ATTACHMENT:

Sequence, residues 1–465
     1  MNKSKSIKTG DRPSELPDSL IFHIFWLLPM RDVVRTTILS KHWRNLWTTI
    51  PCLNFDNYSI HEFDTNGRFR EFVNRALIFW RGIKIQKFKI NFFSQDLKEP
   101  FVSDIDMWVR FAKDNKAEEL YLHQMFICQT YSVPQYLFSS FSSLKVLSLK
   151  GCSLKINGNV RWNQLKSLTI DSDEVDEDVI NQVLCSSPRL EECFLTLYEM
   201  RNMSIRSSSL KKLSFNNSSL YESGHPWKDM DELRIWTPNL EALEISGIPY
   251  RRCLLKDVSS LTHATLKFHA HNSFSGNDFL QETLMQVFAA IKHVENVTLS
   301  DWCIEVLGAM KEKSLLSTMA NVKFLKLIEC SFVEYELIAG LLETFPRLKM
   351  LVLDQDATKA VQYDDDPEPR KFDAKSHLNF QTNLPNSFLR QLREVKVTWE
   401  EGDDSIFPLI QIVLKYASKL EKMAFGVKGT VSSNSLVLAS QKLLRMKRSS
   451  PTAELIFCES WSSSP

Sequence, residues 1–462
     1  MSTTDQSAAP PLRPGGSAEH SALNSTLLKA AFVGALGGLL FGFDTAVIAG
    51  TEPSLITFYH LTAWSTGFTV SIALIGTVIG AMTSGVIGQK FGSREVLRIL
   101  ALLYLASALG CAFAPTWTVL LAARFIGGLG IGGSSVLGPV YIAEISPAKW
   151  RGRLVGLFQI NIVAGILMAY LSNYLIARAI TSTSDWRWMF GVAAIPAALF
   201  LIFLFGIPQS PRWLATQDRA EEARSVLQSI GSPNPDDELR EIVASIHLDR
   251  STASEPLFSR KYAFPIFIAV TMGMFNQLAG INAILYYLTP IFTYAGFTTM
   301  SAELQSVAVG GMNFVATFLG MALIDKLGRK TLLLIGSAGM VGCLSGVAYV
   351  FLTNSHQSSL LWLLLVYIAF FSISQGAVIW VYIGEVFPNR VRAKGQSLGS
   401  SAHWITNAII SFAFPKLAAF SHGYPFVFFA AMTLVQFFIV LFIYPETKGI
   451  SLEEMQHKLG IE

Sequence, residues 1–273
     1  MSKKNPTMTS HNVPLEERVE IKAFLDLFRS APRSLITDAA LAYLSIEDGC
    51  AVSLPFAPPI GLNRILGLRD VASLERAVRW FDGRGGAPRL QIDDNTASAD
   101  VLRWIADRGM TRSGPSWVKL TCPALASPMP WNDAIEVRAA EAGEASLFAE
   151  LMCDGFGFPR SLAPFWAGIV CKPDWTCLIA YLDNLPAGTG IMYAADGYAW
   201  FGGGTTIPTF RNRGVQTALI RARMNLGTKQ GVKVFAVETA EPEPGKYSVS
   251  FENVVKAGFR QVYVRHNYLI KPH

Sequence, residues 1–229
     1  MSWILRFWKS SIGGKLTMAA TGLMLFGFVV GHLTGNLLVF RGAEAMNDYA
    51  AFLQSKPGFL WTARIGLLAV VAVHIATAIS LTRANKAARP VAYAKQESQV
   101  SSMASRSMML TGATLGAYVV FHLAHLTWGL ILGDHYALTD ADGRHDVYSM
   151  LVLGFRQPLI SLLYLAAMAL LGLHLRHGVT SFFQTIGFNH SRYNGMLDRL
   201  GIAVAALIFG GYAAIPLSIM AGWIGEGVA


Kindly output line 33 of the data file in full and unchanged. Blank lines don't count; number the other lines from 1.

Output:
   101  SSMASRSMML TGATLGAYVV FHLAHLTWGL ILGDHYALTD ADGRHDVYSM